Water Damage Emergencies Start Small and Lead To Large Expensive Repairs
Water damage can happen at any time, and often when you least expect it. A small drip from a leaky faucet can cause major damage to your home if left unaddressed. And if a storm hits, the resulting floods can lead to even more extensive repairs.
That's why it's important to be prepared for water damage emergencies, big and small. Here are some tips to help you clean up and repair the damage:
1. Act quickly: The sooner you start cleaning up the water, the less damage will be done. So don't wait - get started right away.
2. Shut off the water source: If possible, shut off the water source that is causing the flooding. This will help prevent further damage.
3. Remove excess water: Use a wet/dry vacuum to remove as much water as possible.
4. Clean and disinfect: Thoroughly clean and disinfect all affected areas.
5. Dry out the area: Use fans and dehumidifiers to dry out the area completely.
6. Repair any damaged items: If any of your belongings have been damaged by the water, start the repair process as soon as possible.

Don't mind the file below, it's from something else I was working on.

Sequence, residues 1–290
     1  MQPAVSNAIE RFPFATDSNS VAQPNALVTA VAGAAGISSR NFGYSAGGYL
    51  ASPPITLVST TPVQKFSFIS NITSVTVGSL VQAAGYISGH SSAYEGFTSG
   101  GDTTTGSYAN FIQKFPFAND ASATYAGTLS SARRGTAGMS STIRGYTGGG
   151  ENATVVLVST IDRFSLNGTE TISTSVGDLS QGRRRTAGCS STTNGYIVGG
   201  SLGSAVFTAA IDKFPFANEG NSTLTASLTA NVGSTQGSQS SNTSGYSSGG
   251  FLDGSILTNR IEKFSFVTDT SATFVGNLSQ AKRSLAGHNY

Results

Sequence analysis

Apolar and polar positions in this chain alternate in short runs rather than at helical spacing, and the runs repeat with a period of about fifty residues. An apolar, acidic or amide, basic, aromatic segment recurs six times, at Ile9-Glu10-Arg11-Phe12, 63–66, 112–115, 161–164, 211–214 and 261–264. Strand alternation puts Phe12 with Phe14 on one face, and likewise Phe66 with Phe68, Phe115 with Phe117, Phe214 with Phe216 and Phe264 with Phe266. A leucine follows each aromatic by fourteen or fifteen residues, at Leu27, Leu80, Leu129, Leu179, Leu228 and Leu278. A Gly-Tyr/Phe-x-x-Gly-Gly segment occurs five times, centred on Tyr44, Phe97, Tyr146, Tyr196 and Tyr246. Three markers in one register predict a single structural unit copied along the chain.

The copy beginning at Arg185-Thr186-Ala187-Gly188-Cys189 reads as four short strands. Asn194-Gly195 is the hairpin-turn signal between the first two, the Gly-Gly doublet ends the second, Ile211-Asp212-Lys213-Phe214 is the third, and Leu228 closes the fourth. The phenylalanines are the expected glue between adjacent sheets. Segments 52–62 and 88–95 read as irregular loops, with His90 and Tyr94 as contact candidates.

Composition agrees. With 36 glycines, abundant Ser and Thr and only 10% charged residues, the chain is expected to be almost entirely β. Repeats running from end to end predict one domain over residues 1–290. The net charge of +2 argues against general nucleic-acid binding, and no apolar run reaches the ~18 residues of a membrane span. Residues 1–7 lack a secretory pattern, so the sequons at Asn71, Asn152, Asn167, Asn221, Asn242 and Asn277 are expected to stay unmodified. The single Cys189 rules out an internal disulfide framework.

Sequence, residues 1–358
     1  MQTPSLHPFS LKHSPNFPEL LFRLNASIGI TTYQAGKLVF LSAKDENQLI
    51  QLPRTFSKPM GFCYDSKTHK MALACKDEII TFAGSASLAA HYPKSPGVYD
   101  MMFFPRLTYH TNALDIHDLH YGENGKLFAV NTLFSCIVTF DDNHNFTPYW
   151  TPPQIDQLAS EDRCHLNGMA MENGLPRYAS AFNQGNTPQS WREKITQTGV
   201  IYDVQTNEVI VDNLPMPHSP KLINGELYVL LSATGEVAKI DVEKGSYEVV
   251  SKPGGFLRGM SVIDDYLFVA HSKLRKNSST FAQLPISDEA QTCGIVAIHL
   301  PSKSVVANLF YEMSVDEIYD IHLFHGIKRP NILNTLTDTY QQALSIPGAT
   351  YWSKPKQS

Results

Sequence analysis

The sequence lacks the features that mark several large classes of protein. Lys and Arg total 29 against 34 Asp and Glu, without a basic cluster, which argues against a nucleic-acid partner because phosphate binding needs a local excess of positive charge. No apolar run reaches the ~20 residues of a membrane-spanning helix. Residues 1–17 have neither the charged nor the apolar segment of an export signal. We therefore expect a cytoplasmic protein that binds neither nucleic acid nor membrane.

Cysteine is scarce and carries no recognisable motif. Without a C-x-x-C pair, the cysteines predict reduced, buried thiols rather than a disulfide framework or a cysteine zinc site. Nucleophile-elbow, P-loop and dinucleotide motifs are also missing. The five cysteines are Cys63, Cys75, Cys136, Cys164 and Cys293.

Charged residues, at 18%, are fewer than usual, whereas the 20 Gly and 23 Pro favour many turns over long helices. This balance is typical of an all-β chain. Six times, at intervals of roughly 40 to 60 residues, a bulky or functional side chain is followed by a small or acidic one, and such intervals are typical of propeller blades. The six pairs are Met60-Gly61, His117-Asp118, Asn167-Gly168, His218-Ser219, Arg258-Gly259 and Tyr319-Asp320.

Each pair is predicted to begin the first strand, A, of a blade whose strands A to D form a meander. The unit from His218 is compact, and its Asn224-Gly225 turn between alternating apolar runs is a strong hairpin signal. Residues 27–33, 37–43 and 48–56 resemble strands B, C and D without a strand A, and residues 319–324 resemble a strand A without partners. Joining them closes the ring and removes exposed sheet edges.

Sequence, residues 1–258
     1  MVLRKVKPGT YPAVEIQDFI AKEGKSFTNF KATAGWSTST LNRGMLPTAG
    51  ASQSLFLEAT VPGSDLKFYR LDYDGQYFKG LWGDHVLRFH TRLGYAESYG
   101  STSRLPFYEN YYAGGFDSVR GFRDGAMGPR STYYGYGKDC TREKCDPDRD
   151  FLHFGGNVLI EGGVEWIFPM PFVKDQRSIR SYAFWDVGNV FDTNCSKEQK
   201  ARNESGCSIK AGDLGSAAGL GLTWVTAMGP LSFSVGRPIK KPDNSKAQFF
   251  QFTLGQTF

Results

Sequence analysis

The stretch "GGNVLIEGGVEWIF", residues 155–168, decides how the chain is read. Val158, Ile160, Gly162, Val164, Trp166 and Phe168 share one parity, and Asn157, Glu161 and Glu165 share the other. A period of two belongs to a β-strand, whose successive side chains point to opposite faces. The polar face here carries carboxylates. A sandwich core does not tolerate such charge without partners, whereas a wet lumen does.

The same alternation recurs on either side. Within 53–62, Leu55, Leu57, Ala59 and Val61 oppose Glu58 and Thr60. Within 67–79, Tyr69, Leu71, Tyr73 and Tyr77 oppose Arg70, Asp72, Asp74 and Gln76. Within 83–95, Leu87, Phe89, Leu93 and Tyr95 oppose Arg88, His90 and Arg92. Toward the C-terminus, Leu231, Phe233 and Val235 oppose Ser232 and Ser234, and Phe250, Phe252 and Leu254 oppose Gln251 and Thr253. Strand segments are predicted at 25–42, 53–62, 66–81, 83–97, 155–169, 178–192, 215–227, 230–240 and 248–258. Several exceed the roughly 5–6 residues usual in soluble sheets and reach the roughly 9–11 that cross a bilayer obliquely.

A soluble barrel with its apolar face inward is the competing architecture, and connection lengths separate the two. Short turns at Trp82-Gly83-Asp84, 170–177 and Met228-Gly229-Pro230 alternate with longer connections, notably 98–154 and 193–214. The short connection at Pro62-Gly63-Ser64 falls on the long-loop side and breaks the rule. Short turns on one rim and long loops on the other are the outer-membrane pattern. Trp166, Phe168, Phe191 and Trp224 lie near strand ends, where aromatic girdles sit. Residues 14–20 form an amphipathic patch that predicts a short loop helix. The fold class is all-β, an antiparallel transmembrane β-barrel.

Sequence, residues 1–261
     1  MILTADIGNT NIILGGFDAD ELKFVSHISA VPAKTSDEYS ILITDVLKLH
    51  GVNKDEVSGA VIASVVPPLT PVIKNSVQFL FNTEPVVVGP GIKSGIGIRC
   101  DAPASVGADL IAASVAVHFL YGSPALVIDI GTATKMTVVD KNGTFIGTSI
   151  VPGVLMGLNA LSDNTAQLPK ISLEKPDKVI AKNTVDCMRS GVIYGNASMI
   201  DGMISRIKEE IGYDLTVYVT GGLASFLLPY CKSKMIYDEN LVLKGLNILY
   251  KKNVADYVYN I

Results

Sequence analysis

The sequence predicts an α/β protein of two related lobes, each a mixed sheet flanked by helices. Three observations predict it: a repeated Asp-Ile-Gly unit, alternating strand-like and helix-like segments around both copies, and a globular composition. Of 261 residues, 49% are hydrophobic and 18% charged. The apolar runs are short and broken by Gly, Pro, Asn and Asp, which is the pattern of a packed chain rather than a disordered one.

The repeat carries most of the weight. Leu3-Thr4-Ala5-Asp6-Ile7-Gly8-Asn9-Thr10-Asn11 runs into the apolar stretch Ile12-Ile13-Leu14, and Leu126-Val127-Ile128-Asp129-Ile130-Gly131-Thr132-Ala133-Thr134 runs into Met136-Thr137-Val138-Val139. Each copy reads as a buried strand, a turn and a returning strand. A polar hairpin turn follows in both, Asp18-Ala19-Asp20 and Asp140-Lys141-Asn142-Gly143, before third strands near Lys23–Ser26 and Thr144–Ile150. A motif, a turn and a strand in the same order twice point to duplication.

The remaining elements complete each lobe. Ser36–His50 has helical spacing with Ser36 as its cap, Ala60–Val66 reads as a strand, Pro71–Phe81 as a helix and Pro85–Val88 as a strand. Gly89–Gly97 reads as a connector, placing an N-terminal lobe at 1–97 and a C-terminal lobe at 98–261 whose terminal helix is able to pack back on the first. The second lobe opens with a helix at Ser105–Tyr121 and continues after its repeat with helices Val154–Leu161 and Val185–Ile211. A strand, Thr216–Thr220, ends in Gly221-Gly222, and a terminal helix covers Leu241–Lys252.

Water damage can be a major disaster, but with quick action and proper cleanup, you can minimize the damage and get your home back to normal in no time.
Insurance Restoration Companies Follow Repair Guidelines Dictated By Insurance Adjusters
After a water damage or flooding event, it is critical that restoration companies follow the guidelines set forth by insurance adjusters. Many times, insurance companies will deny claims because the repair work was not done to their standards.
Some of the key things that insurance companies look for when approving or denying claims are:
1. The type of water that caused the damage: There are three types of water - clean, grey, and black. Clean water is from a clean source like a faucet or toilet tank. Greywater is from a dirty source like a dishwasher or washing machine. Blackwater is from a sewage backup or floodwaters and is the most dangerous.
2. The amount of time the area was wet: The longer an area is wet, the more time mold has to grow. Insurance companies typically only cover mold damage if the area was wet for less than 48 hours.
3. The amount of damage: The more extensive the damage, the more likely it is that insurance will deny the claim.
4. The type of item damaged: Some items, like electronics, are very expensive to replace and may not be covered by insurance.
5. The cause of the damage: If the water damage was caused by something within your home, like a leaking pipe, you may be responsible for the repairs. But if the damage was caused by something outside of your control, like a storm, you may be covered.